Case Presentation by Dr. Megan Wolf, MD
An 86-year-old female presents with 3 weeks of gradually worsening diffuse dull constant abdominal pain. Her abdominal pain is exacerbated by movement and is not relieved by any particular factors. It does not radiate anywhere. She has also had decreased appetite and multiple episodes of nonbloody emesis. She has not had a bowel movement in 3 days.
REVIEW OF SYSTEMS:
Constitutional: Denies fevers or chills. Reports weight loss.
Cardiovascular: Denies chest pain.
Respiratory: Reports shortness of breath.
Gastrointestinal: Denies diarrhea or blood in the stool.
PAST MEDICAL HISTORY: hypertension, diabetes, cholelithiasis
PAST SURGICAL HISTORY: cholecystectomy
ALLERGIES: No known drug allergies
SOCIAL HISTORY: Denies alcohol, tobacco, and drug use.
Vitals: BP 94/53, HR 87, RR 24, T 36.2, SpO2 100% on room air
General: Overweight elderly female who appears uncomfortable.
Head: Atraumatic, normocephalic.
Eyes: No conjunctival pallor. No scleral icterus. Pupils equal, round and reactive to light. Extraocular movements intact.
Nose, Mouth, Throat: Moist mucous membranes. Uvula midline.
Neck: Trachea midline. No jugular venous distension.
Respiratory: Tachypneic. Clear breath sounds bilaterally. No rales, wheezing, or rhonchi.
Cardiovascular: Regular rate and rhythm with no murmurs, rubs, or gallops.
Gastrointestinal: Abdomen is markedly distended and tense. Significant dullness to percussion. A fluid wave is noted. Tenderness to palpation diffusely throughout the entire abdomen. Bowel sounds are present. No organomegaly.
Extremities: 2+ pulses in all extremities. No lower extremity edema.
Skin: Warm and well perfused. No rashes. No jaundice. No spider angiomata or palmar erythema.
Neurologic: Alert and appropriate. Answers questions and follows commands. No asterixis.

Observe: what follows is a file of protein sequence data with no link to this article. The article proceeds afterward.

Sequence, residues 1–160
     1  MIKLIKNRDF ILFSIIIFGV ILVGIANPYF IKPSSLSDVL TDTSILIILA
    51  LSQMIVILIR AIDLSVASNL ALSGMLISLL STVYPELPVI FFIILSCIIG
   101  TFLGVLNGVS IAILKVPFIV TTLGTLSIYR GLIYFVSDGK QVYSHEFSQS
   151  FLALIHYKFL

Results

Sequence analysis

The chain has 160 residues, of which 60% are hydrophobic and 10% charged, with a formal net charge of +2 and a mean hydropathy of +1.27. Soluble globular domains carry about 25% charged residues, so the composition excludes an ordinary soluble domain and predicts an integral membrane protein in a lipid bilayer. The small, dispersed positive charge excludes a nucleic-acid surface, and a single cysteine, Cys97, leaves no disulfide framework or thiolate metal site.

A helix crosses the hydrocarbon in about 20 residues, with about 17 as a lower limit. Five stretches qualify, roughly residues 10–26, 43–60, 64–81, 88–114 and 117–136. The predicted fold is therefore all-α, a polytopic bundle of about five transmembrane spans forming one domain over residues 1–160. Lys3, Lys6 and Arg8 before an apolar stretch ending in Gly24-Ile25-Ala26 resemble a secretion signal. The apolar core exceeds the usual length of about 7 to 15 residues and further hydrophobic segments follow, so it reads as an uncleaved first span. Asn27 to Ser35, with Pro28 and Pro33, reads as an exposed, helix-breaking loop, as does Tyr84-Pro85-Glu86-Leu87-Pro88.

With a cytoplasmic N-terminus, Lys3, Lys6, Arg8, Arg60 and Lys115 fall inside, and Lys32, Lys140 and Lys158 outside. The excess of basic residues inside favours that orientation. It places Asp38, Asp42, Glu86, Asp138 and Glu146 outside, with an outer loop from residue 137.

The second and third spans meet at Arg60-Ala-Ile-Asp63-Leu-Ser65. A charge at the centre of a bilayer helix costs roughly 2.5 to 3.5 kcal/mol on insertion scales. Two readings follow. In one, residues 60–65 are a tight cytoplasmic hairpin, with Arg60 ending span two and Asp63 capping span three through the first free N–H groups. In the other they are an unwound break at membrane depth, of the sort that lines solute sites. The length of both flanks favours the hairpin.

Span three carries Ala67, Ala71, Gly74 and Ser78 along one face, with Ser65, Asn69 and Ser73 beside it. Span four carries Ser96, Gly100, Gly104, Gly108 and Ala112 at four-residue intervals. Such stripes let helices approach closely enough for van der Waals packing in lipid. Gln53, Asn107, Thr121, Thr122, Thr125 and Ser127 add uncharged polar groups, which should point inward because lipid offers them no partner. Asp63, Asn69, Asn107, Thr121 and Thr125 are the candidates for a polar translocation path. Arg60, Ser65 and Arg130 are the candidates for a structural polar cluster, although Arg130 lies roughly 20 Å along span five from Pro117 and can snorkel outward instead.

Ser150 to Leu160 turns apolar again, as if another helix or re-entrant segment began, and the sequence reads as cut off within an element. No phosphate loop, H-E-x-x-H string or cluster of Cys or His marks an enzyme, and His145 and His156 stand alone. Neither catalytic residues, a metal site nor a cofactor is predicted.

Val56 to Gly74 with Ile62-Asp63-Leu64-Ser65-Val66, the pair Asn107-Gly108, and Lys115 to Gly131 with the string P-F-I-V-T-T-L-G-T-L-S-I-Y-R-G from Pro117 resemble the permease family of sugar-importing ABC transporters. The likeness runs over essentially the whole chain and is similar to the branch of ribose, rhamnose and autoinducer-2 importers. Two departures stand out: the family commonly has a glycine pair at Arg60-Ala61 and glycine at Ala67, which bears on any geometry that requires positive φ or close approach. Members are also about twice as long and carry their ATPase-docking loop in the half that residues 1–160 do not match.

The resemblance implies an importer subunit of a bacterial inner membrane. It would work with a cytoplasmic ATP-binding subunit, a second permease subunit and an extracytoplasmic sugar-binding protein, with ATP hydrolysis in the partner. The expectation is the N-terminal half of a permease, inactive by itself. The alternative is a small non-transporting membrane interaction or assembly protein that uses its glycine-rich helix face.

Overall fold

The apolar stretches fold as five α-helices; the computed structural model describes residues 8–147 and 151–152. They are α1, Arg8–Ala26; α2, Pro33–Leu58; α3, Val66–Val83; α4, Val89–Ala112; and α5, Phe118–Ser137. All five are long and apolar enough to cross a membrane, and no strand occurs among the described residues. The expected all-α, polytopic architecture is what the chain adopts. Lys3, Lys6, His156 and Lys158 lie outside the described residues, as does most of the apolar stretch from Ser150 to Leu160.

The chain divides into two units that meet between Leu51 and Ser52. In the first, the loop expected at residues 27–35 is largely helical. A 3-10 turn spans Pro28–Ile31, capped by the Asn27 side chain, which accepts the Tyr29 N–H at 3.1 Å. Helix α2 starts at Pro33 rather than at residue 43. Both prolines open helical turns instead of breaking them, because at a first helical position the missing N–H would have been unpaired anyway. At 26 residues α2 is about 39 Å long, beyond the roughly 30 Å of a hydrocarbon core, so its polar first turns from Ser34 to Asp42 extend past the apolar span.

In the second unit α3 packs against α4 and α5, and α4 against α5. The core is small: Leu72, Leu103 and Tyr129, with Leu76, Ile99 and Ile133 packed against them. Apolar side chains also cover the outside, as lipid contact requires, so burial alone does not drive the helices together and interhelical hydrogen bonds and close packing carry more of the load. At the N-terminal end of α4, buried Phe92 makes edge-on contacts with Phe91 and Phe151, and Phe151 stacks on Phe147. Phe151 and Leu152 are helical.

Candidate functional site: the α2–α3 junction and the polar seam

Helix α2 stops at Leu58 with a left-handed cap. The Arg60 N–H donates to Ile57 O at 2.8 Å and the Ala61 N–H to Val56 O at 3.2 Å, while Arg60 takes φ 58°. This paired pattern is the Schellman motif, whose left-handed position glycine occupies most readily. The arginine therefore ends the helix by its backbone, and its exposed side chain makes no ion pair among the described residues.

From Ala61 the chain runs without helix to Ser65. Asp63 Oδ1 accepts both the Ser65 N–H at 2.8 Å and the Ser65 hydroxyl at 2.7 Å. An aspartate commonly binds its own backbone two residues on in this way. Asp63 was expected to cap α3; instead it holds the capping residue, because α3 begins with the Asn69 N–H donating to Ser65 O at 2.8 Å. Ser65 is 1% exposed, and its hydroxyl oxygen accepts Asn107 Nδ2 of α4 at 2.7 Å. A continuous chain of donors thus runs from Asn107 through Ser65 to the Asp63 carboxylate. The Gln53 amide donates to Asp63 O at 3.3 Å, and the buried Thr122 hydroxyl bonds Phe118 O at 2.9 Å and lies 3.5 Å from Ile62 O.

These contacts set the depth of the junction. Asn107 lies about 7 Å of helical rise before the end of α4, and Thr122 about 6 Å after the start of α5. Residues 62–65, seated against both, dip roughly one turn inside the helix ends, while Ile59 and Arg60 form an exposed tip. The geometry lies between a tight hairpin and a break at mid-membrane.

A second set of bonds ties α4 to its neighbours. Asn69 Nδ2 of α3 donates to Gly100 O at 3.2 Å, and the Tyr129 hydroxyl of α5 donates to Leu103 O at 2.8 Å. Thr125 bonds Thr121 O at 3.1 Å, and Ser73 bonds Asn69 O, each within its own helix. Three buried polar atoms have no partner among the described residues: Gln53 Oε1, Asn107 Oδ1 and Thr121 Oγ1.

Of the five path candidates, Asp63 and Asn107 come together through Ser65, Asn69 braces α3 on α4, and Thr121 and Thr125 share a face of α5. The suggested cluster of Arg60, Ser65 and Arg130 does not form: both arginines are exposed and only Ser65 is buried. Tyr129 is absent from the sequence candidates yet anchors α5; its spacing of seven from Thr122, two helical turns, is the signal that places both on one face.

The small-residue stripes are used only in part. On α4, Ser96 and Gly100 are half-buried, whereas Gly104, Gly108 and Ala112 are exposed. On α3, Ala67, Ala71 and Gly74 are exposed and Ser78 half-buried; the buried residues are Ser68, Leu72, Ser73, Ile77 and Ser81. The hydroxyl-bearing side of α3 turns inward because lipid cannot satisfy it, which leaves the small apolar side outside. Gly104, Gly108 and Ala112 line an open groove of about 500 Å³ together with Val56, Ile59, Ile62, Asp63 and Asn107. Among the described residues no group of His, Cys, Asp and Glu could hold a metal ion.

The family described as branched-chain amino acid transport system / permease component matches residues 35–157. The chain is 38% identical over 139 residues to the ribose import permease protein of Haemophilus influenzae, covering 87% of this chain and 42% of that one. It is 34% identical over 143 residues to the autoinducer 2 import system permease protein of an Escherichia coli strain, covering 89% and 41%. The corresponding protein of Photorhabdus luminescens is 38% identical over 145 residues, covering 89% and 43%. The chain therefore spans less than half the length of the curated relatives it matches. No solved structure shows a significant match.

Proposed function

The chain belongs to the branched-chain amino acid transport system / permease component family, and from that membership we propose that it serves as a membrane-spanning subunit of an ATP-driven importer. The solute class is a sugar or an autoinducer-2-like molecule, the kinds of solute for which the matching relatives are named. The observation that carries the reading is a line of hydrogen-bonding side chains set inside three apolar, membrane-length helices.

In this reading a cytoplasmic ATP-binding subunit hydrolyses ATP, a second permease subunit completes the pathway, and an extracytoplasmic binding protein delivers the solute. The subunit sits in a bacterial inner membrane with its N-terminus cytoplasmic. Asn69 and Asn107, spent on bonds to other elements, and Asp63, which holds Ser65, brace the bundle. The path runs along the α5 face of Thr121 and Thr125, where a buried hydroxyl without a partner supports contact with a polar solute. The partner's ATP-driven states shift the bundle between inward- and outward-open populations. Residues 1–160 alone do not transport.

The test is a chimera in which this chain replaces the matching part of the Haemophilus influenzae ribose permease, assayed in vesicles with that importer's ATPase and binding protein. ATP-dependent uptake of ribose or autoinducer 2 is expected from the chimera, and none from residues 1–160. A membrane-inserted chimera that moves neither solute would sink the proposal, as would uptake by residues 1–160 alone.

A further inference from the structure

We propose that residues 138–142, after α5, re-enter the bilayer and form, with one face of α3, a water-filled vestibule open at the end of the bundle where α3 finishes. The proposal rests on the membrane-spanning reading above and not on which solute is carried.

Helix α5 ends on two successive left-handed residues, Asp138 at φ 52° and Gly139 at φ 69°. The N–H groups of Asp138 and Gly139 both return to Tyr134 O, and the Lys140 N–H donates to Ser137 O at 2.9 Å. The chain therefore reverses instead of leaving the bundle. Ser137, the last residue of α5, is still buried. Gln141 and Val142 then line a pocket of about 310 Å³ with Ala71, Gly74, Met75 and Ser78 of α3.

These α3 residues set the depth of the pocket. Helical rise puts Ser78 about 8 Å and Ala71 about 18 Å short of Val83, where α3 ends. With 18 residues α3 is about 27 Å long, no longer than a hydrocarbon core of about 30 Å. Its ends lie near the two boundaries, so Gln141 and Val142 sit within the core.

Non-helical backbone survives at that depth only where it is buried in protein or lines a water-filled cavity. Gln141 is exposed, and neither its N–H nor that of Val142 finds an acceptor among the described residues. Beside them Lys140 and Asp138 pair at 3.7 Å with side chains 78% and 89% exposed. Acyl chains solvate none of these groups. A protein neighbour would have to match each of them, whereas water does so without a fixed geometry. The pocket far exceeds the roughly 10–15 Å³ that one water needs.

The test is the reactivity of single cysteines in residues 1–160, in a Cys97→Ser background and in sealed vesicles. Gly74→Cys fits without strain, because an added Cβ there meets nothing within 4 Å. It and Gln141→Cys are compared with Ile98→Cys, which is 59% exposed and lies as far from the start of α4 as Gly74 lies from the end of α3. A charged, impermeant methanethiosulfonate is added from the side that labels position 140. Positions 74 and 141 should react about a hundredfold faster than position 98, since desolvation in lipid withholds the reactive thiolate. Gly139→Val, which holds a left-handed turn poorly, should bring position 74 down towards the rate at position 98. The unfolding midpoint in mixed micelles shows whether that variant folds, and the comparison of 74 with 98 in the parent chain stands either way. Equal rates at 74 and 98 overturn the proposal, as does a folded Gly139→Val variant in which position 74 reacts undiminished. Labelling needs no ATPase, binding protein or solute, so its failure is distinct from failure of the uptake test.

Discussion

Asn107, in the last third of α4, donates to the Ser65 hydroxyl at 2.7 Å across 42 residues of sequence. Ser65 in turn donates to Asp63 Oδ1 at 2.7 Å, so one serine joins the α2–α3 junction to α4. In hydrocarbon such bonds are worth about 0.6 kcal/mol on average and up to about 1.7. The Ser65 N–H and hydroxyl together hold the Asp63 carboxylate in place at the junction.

Na 129, K 3.9, Cl 93, CO2 27, BUN 14, Cr 0.96, Glu 106, Ca 8.6
ALT 15, AST 23, Alk Phos 131, Total bilirubin 0.5, Direct bilirubin 0.1
Amylase 41, Lipase 145, Albumin 2.3
WBC 6.8, Hb 9.2, Hct 28.9, Plt 583, MCV 72.6
APTT 30.4, PT 11.4, INR 1.06
Bedside ultrasound of the abdomen reveals significant free fluid in Morrison’s pouch. A diagnostic and therapeutic paracentesis is performed, resulting in immediate return of cloudy yellow fluid. Four liters of peritoneal fluid are removed. The patient’s discomfort is significantly relieved and her respiratory rate returns to normal. The peritoneal fluid is sent for analysis.
#1 Which of the following is a contraindication to performing paracentesis?
b) disseminated intravascular coagulation
c) prolonged prothrombin time
#2 Which of the following tests of the peritoneal fluid would be most helpful in determining the cause of the ascites?
#3 The peritoneal fluid is analyzed and is positive for malignant cells. You suspect ovarian carcinoma. Which of the following serum tumor markers is associated with ovarian carcinoma?
c) alpha fetoprotein
Answers & Discussion:
#1 Answer: b. disseminated intravascular coagulation
Many patients undergoing paracentesis have a prolonged prothrombin time or thrombocytopenia as a result of hepatic disease. These are not considered contraindications to performing paracentesis as the incidence of clinically significant bleeding complications in these patients is low. In a retrospective study of over 4500 paracenteses, severe hemorrhage occurred in <0.2% of cases. Although paracentesis should be performed with caution in pregnant patients, pregnancy is not a contraindication to paracentesis.
The indications for abdominal paracentesis include the evaluation of new onset ascites, the evaluation of a patient with existing ascites who is being admitted to the hospital for any reason, and the evaluation of a patient with ascites who has signs of clinical deterioration (fever, abdominal pain, hepatic encephalopathy, peripheral leukocytosis, decline in renal function, or metabolic acidosis).
The following are relative contraindications to paracentesis: disseminated intravascular coagulation, primary fibrinolysis, and massive ileus with bowel distension (unless the paracentesis is performed under ultrasound guidance). If there are surgical scars present on the abdomen, then the needle should be inserted several centimeters away from the scars because the bowel may be adherent to the peritoneal wall at the site of the scar.
#2 Answer: d. albumin